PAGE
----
In Rika Lim’s opinion (she/her), a career in the video game industry is not a walk in the park, as existing gender biases are very strong and in many cases, demoralising. In Asian families like the one that she grew up in, boys are given more access to the computer to play video games on, whereas girls often find themselves needing to fight with boy relatives for a chance to play on a computer, as Rika had to in her childhood.
At university, Rika chose Game Development as her major. She found that very few non-male students did the same (or even chose it an elective course). Over the course of the year, female representation gradually dropped. Rika also shared that, from her experience, some modules such as Programming was also more challenging for women from the outset, as they came in without the same level of prior knowledge as their male classmates. This was because it was common for men to be encouraged by their families and friends to pick up programming basics earlier on in life.
According to Sybil Collas (they/them), video games were classified as a ‘distraction activity’ when they were growing up. For instance, in the Catholic school that they attended, no one gamed before university and playing video games was perceived in a negative light. As a student, Sybil had the opportunity to pursue Game Design, but they could not shake off the feeling around the fact that non-binary people were not welcome. This made them realise that overall, gender equality initiatives/efforts often fall short of being truly inclusive, as they often apply to cis-gender women and men, only.
For Sophie Mallinson (she/her), joining the gaming industry only became a conceivable option much later in life, even though she enjoyed playing video games from a young age. Sophie didn’t realise she could become a game developer until she was an adult, because she didn’t have an inspiring role model growing up. As such, it is apparent that visibility and diverse representation in the gaming industry is critical for societal change.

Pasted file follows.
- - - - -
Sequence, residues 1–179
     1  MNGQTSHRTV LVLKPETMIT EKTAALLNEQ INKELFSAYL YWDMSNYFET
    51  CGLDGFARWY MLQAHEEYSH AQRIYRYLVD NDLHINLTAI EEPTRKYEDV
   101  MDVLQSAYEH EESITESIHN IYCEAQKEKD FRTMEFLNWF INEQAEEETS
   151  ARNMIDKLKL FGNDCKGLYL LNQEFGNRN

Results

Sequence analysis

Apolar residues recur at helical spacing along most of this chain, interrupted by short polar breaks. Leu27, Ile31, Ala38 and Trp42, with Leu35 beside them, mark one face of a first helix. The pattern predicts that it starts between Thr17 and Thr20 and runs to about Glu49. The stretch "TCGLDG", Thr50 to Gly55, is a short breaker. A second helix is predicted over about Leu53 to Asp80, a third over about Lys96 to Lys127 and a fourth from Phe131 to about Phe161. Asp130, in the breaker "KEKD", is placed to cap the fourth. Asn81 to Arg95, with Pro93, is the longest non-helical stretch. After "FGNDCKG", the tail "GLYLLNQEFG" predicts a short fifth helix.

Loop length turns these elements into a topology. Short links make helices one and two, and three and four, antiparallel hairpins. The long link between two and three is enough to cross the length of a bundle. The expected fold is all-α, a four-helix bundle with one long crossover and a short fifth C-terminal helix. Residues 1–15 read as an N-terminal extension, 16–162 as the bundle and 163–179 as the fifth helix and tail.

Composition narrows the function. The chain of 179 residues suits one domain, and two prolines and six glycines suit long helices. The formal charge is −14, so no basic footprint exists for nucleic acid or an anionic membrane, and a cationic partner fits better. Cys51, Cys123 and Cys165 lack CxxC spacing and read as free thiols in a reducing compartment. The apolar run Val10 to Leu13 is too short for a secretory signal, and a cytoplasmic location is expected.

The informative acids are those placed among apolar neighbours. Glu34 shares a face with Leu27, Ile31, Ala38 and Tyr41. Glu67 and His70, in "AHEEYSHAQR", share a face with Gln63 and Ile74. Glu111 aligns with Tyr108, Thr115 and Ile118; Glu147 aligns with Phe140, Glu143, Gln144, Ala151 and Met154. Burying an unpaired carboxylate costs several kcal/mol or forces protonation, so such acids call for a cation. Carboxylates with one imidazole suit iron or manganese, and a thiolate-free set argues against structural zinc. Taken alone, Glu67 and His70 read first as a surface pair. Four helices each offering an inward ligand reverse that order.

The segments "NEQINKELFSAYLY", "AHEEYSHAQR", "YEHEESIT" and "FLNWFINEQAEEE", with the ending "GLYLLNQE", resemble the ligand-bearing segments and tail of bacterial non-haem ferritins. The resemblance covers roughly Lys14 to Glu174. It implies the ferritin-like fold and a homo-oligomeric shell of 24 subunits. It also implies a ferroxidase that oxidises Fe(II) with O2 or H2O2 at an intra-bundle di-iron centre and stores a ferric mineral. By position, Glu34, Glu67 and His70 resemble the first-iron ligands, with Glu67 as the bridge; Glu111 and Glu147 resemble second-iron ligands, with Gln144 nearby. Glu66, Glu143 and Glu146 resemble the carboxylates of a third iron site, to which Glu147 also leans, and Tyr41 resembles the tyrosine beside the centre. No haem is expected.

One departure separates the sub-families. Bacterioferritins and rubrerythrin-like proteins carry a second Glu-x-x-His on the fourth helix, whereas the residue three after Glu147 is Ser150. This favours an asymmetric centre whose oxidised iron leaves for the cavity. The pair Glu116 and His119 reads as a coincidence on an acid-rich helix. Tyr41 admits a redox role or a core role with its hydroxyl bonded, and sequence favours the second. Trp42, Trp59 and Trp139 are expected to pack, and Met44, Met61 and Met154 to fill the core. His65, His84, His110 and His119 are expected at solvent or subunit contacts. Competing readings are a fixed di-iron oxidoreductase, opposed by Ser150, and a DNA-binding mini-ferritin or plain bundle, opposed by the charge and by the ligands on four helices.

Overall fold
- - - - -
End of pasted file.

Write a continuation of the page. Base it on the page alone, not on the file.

- Learning and development in the Gaming Industry
As gender biases stems from an early age of cognitive development, it is virtually unavoidable in today’s gaming landscape. This is why special mentorship for underrepresented genders, is important.
For instance, when Rika joined Ubisoft Singapore, she found that she was the only female game designer. Unlike her male colleagues, who had a large pool of mentors to approach, she was not able to benefit from another woman’s mentoring due to the lack of representation. While her colleagues were keen on helping her whenever she asked, she felt that her transition process would have been much smoother if there was a female role-model within the company. As such, when the time came to choose a mentor, Rika chose a female leader in the Human Resources (HR) department – HR is of course, not exactly related to her expertise, but she found that it was still useful to gather insights of a female leader in the company, as well as to tap on her mentor’s expertise in management and leadership. Change is the only constant, and Rika noted that things are changing – slowly but surely. Today, there is a much larger female representation at Ubisoft.